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A Gap-Filling Theory of Corporate Debt Maturity Choice

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  • Robin Greenwood
  • Samuel Hanson
  • Jeremy C. Stein

Abstract

We argue that time-series variation in the maturity of aggregate corporate debt issues arises because firms behave as macro liquidity providers, absorbing the large supply shocks associated with changes in the maturity structure of government debt. We document that when the government funds itself with relatively more short-term debt, firms fill the resulting gap by issuing more long-term debt, and vice-versa. This type of liquidity provision is undertaken more aggressively: i) in periods when the ratio of government debt to total debt is higher; and ii) by firms with stronger balance sheets. Our theory provides a new perspective on the apparent ability of firms to exploit bond-market return predictability with their financing choices.

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Bibliographic Info

Paper provided by National Bureau of Economic Research, Inc in its series NBER Working Papers with number 14087.

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Date of creation: Jun 2008
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Handle: RePEc:nbr:nberwo:14087

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Citations

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Cited by:
  1. Nicola Gennaioli & Andrei Shleifer & Robert Vishny, 2010. "Financial Innovation and Financial Fragility," NBER Chapters, in: Market Institutions and Financial Market Risk National Bureau of Economic Research, Inc.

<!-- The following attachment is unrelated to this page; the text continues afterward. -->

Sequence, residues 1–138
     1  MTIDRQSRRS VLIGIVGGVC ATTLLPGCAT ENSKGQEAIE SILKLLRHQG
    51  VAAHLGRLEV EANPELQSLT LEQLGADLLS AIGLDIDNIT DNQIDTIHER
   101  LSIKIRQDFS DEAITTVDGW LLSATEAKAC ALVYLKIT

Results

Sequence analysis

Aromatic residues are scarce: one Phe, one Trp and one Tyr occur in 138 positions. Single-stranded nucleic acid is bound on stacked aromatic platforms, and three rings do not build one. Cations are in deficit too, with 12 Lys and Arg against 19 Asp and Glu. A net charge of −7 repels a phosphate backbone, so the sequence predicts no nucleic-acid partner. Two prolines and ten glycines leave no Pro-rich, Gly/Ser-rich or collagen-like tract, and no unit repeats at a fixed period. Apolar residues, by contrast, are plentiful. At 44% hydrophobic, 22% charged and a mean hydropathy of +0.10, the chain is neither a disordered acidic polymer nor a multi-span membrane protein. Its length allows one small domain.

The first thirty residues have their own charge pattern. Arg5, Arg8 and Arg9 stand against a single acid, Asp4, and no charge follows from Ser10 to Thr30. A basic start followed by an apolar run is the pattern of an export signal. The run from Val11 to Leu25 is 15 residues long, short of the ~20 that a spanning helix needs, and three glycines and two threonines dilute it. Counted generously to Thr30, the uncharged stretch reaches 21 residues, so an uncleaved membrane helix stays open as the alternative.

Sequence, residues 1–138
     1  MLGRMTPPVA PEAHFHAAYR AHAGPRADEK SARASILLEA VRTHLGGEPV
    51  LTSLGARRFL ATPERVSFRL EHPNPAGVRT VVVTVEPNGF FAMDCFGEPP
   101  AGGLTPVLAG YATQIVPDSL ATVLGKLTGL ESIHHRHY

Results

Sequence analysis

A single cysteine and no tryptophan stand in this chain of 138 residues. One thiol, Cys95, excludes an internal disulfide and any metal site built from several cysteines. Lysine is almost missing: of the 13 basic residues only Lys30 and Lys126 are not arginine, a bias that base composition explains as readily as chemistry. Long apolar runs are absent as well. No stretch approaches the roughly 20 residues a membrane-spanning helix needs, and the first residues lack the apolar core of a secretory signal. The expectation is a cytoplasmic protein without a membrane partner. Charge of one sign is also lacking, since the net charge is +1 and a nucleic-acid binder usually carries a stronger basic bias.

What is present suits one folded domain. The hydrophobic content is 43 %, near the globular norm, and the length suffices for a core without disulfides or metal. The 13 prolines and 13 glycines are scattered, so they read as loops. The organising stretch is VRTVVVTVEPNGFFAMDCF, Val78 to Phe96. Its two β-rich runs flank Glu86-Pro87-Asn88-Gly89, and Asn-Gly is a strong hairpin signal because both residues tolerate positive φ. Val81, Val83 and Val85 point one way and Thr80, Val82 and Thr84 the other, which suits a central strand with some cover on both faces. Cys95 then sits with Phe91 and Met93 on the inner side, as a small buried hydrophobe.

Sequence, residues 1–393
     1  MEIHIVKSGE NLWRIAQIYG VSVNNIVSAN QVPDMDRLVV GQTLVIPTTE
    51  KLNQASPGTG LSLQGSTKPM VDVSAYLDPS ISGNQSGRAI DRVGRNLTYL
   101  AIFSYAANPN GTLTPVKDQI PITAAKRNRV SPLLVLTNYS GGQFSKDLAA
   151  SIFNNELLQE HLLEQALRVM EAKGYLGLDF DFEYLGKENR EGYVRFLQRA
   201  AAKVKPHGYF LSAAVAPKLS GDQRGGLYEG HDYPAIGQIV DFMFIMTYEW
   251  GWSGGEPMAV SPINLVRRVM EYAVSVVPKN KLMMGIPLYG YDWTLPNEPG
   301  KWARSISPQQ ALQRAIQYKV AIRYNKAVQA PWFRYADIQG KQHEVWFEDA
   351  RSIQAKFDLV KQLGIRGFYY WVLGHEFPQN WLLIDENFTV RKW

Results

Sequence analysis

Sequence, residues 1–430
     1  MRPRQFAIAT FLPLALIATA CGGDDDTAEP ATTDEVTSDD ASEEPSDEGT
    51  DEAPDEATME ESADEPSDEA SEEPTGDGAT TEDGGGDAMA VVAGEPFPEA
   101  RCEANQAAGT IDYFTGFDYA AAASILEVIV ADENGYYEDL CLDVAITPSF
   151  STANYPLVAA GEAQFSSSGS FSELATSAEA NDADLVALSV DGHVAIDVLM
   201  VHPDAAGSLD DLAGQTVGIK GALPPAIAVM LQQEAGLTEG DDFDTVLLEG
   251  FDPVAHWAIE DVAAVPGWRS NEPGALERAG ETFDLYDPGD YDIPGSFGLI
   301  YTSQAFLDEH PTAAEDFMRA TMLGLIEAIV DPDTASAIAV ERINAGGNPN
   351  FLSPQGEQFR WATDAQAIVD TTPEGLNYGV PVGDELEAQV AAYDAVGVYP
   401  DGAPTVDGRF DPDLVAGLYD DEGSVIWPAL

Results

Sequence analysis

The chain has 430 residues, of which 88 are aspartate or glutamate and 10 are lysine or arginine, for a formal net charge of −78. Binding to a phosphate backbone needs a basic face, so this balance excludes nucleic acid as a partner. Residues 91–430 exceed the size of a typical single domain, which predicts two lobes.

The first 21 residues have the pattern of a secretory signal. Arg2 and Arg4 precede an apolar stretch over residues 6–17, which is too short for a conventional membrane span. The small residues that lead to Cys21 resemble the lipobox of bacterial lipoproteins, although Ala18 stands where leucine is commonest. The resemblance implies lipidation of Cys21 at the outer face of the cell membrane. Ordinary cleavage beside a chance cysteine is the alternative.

2. Max Bruche & Anatoli Segura, 2013. "Debt maturity and the liquidity of secondary debt markets," LSE Research Online Documents on Economics 55404, London School of Economics and Political Science, LSE Library.
  3. Nicola Gennaioli & Andrei Shleifer & Robert Vishny, 2010. "Neglected Risks, Financial Innovation, and Financial Fragility," Working Papers 502, Barcelona Graduate School of Economics.
  4. Schuster, Philipp & Trapp, Monika & Uhrig-Homburg, Marliese, 2013. "A heterogeneous agents equilibrium model for the term structure of bond market liquidity," CFR Working Papers 13-05 [rev.], University of Cologne, Centre for Financial Research (CFR).
  5. John R. Graham & Mark T. Leary & Michael R. Roberts, 2014. "A Century of Capital Structure: The Leveraging of Corporate America," NBER Working Papers 19910, National Bureau of Economic Research, Inc.
  6. Robin Greenwood & Samuel G. Hanson, 2011. "Issuer Quality and the Credit Cycle," NBER Working Papers 17197, National Bureau of Economic Research, Inc.
  7. Jinfan Zhang & Hongjun Yan & Dong Lou, 2011. "Anticipated and Repeated Shocks in Liquid Markets," 2011 Meeting Papers 1446, Society for Economic Dynamics.
  8. Chang Nam & Doina Radulescu, 2010. "Effects of corporate tax reform on optimum debt maturity," Annals of Finance, Springer, vol. 6(3), pages 369-389, July.
  9. Heitor Almeida & Murillo Campello & Bruno Laranjeira & Scott Weisbenner, 2009. "Corporate Debt Maturity and the Real Effects of the 2007 Credit Crisis," NBER Working Papers 14990, National Bureau of Economic Research, Inc.
  10. Atanasov, Vladimir & Merrick, John, 2011. "Financial asset demand is elastic: Evidence from new issues of Federal Home Loan Bank debt," Journal of Banking & Finance, Elsevier, vol. 35(12), pages 3225-3239.
  11. Custódio, Cláudia & Ferreira, Miguel A. & Laureano, Luís, 2013. "Why are US firms using more short-term debt?," Journal of Financial Economics, Elsevier, vol. 108(1), pages 182-212.
  12. Adrian, Tobias, 2014. "Financial stability policies for shadow banking," Staff Reports 664, Federal Reserve Bank of New York.
  13. Choi, Jaewon & Hackbarth, Dirk & Zechner, Josef, 2013. "Granularity of corporate debt," CFS Working Paper Series 2013/26, Center for Financial Studies (CFS).

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